The importance of digitizing historical documents

When I was working on my book Men Beyond the Stones I went into the local library to look at what archival documents they had. I was hoping to find images of the individuals who I had not yet been able to track down. While I was unable to find the images I needed, I discovered something almost as important. The library had an entire wall of documents, books, and binders full of newspaper clippings and manila envelopes full of documents, all unable to be checked out.


At the beginning of 2020, I decided not only was I going to push Schellinger Research forward, but I also planned to volunteer more in the community. My volunteer opportunities outside of the time Schellinger Research donates includes being part of Home Fires Burning which is a local group dedicated to helping caregivers of military veterans, I also am currently the secretary of Friends of Girl Scouts(FOGS) The Dalles, a local organization that supports the local Girl Scout troops.


Deciding how I can put my knowledge to use, I approached the library director about scanning the documents in the glass case. I believe that archival documents should be widely available, and by scanning them, hopefully more people will be able to view and make use of these important documents. It will also make it easier for researchers such as myself, who may be interested in the documents.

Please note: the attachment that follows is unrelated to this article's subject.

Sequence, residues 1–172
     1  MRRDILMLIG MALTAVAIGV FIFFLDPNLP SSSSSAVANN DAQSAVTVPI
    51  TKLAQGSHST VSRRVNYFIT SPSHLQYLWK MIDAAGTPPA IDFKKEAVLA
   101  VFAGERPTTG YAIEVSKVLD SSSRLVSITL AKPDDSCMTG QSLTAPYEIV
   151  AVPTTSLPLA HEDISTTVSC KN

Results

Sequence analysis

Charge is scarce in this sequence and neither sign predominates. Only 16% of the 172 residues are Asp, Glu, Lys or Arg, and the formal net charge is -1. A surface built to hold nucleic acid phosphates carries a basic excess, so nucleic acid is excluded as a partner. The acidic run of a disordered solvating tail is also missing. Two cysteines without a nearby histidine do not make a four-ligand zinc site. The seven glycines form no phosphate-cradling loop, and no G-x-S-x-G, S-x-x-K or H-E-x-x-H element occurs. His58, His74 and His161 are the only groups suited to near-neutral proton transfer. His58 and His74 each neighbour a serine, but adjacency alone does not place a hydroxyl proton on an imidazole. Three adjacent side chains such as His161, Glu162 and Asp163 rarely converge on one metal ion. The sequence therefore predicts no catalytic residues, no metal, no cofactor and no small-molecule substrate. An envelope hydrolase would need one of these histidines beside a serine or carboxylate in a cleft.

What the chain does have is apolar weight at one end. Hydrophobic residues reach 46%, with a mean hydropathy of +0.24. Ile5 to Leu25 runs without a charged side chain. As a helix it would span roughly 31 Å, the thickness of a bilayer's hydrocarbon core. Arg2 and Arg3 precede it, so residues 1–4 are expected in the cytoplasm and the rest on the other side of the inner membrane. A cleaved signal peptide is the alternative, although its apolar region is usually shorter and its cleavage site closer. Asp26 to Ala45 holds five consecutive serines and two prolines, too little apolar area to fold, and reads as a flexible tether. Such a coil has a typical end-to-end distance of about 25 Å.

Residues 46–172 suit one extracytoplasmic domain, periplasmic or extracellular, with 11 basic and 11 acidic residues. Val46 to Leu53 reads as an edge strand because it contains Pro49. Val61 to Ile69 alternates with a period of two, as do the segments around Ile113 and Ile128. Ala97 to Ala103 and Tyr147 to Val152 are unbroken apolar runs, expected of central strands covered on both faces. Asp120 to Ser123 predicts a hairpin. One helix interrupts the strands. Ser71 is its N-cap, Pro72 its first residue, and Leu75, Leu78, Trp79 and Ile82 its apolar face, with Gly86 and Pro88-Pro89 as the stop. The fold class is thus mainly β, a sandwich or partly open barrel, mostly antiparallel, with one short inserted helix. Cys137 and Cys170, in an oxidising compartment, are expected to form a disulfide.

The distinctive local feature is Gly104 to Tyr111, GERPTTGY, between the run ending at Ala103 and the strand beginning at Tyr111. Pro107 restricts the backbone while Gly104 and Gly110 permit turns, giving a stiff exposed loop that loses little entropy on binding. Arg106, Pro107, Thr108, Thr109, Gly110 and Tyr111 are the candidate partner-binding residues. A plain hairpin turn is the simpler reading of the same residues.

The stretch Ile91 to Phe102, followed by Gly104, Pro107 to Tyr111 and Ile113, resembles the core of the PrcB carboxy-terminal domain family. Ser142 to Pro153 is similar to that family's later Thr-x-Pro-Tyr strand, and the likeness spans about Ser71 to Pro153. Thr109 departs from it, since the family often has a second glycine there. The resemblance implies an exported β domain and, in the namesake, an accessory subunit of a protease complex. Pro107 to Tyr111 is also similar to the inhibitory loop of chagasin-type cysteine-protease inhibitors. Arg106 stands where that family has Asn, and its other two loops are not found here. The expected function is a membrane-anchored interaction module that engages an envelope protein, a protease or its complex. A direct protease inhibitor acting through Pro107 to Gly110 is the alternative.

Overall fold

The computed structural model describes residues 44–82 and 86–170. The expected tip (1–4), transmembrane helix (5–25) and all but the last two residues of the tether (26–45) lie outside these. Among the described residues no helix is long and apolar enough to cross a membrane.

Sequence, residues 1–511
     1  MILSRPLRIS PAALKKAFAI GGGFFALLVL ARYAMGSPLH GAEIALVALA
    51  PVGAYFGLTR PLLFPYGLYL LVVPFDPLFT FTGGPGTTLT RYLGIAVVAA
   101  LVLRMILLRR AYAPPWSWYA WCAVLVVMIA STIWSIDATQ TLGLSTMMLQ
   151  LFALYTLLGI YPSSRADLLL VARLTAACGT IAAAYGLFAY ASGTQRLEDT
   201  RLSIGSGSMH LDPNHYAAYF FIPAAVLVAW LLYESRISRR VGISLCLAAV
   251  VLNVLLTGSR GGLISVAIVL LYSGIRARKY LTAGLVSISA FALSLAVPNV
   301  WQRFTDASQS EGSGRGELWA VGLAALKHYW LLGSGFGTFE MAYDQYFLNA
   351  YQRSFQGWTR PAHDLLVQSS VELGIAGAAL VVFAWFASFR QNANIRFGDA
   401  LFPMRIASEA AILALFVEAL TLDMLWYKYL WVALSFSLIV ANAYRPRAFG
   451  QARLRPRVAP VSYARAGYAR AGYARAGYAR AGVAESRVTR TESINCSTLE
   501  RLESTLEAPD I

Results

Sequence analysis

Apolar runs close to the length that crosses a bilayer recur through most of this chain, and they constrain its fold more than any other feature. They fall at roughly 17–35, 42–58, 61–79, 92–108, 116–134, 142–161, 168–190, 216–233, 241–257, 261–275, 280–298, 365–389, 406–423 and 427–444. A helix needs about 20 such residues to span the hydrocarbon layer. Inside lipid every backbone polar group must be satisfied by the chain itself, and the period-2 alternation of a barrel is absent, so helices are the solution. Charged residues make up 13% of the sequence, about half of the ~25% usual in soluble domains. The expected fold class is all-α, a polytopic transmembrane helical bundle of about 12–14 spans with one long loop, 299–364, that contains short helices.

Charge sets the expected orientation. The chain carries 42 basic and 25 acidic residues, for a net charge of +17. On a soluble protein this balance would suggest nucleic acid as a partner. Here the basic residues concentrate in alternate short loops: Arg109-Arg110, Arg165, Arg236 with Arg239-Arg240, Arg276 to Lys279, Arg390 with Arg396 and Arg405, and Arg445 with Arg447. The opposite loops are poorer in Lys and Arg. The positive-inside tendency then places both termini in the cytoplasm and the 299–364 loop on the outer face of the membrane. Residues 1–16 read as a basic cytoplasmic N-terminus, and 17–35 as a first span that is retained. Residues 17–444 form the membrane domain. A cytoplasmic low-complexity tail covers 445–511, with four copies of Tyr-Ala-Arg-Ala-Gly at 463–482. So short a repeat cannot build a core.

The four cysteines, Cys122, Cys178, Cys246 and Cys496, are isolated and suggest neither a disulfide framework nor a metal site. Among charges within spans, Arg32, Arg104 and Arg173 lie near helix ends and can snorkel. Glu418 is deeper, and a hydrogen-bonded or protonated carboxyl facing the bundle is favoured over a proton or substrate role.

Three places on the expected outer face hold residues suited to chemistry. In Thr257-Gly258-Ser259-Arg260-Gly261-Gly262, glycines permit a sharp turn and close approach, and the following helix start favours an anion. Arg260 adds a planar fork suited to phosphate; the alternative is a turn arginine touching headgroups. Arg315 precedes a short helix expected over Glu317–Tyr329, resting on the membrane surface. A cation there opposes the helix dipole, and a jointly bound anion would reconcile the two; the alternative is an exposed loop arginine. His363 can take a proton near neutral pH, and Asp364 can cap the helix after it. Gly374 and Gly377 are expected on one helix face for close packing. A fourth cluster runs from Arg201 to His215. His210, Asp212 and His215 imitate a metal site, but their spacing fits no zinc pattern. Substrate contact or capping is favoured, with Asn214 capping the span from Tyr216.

Historical documents, be it photos, newspaper clippings, or written accounts of historical events help to enhance our understanding of events, culture, how people thought and behaved, and most importantly, how documentation of events occurred.  Today, people create vlogs, or take pictures and create a social media or blog post. Even 20 years ago the technology was not to that point, so history was documented differently.


This difference is what I thrive on. It’s piecing together elements of the past to make a cohesive picture for modern historians and everyone to see. To like history does not mean you have to be a historian. To understand what people from the past went through does not mean you have to have a degree or be related to them. Just as sitting down and reading Anne Frank’s diary takes you into her life, so does looking at photos and reading accounts of what life was like for those before us.


Living in the Columbia Gorge has surrounded me with Lewis and Clark history, and the history of the Oregon trail. Personally, my interests tend to go towards post 1900 culture, interesting pieces from the past have still pique my interest. While for me it may only be a passing glance, others live for that history that was previously sitting on a shelf in a library.


Specifically, for me, digitizing history is important to ensure that it exists after the paper breaks down. After the people who lived during that time pass away. And ultimately after their stories have ceased to be passed down from generation to generation.  Just as we work to preserve ancient history, we must also work to preserve recent history, as it can serve as a reminder of where we came from.


Reach out to us for all of your digitizing needs.


Until next time, happy researching!


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